The front office banking jobs most at risk in 2018, by bank and division
Are you going to lose your banking job before 2018 is out? Late-in-the-year redundancies are always a risk as banks indulge in their inevitable pre-bonus cuts, but this year's layoffs could be particularly harsh as banks squeeze European costs to cover the expense of Brexit and squeeze front office costs to pay for technologists to automate jobs away in the future.
Which jobs are most likely to go? For this, it helps to look at the charts for comparative operating costs as a proportion of income that were put together by research firm Tricumen at the end of the second quarter. Tricumen has yet to release its third quarter charts, but in many cases it's a case of plus ça change. We've posted the charts at the bottom of this page, but here are the quick takeaways.
1. Deutsche Bank, equities and fixed income staff should really be worried
At the end of the first half of 2018, Tricumen said that Deutsche Bank's equities trading division and its fixed income trading division had the worst cost-income ratios of comparable businesses across every big bank.
Things might have changed. After all, CEO Christian Sewing cut 1,450 staff across the bank in the third quarter. Then again, Deutsche Bank also ended the third quarter with only 101 fewer front office bankers in its corporate and investment bank than it began - a reduction of less than 1%. This could be because it hired a lot of new graduates to replace all the senior bankers it let go, which should be good for costs, but it doesn't bode well that costs consumed 95% of revenues at Deutsche's corporate and investment bank in Q3, and 92% in the first nine months of the year.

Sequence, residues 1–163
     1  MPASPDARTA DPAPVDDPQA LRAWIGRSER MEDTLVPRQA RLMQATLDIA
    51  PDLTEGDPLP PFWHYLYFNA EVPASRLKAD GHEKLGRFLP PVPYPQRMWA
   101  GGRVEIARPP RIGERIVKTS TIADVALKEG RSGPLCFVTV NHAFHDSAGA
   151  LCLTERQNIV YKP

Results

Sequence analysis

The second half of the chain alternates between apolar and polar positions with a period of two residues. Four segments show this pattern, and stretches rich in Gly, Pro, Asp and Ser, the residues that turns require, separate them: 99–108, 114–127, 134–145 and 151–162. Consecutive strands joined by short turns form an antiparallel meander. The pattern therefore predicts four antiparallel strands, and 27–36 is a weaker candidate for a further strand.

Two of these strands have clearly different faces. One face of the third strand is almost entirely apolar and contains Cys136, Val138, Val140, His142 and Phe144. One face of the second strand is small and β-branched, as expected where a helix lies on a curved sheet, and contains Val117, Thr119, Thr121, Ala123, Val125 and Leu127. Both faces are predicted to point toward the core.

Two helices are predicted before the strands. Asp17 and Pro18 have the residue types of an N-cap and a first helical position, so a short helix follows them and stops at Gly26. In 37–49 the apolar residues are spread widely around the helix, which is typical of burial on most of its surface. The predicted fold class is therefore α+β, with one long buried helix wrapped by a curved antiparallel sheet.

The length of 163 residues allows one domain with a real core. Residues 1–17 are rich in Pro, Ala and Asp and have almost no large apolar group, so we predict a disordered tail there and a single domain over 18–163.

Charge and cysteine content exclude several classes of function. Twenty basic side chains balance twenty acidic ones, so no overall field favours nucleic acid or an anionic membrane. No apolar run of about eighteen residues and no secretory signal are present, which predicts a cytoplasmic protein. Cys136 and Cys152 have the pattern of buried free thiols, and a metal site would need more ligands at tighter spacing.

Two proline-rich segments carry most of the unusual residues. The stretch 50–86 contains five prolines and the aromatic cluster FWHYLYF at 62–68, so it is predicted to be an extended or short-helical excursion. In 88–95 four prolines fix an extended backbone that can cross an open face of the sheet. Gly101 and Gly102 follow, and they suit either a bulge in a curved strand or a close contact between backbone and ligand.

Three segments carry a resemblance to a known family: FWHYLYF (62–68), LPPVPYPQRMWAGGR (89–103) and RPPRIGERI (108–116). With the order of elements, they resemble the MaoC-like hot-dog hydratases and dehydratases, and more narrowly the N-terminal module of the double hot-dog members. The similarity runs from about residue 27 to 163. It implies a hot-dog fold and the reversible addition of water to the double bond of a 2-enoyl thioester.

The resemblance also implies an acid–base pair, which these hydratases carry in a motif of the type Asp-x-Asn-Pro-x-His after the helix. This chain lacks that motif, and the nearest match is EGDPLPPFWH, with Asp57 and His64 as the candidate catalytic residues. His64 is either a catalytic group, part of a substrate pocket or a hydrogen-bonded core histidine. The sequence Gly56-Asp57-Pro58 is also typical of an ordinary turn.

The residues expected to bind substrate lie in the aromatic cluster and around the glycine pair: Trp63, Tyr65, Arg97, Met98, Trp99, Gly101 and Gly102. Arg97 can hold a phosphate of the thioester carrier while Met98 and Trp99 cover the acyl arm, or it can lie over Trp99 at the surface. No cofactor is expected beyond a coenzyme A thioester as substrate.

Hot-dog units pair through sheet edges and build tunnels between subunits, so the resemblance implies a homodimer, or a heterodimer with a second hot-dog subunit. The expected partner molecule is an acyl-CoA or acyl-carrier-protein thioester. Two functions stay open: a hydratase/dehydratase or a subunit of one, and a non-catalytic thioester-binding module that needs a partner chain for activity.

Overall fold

If anyone is going to lose their jobs before the end of 2018, it therefore probably should be Deutsche Bank's salespeople and traders. The good news is that Sewing has repeatedly promised that front office layoffs are over and the front office restructuring is "complete". There may be a stay of execution.
2. Investment bankers at UBS, Credit Suisse and BNP Paribas should probably be worried
Looking back at banks' performance in the six months to June 2018, Tricumen highlighted the cost ratios in the 'banking' divisions of the Swiss banks and BNP Paribas. Tricumen defines banking as debt capital markets bonds and loans, securitisation, equity capital markets, and M&A.
BNP Paribas and Credit Suisse are reporting their third quarter results this week, but UBS already reported last week. It had an excellent third quarter in M&A, but a less impressive three months in equity capital markets and debt capital markets. In light of the historically high cost base, UBS's investment bankers might be exposed, particularly following the appointment of new heads of the investment bank (Robert Karofsky and Piero Novelli) following the recent departure of Andrea Orcel. Karofsky and Novelli might use the opportunity to shake things up.
3. Everyone at SocGen needs to watch their backs
SocGen will report its third quarter results on November 8th. Employees at its corporate and investment bank (CIB) need to hope that revenues have increased more than at - say - Deutsche Bank. At the end of the second quarter, Tricumen put SocGen behind the pack for cost efficiency in every single area of its investment bank. It probably doesn't help that many of SocGen's CIB staff are in Paris, where it's hard to let people go - unless they get a very handsome redundancy payment to see them on their way.
Operating cost/income, banking, Q318
Operating cost/income, fixed income currencies and commodities, Q318
Operating cost/income, equities, Q318
Have a confidential story, tip, or comment you’d like to share? Contact: email@example.com in the first instance. Whatsapp/Signal/Telegram also available.
Bear with us if you leave a comment at the bottom of this article: all our comments are moderated by human beings. Sometimes these humans might be asleep, or away from their desks, so it may take a while for your comment to appear. Eventually it will – unless it’s offensive or libelous (in which case it won’t.)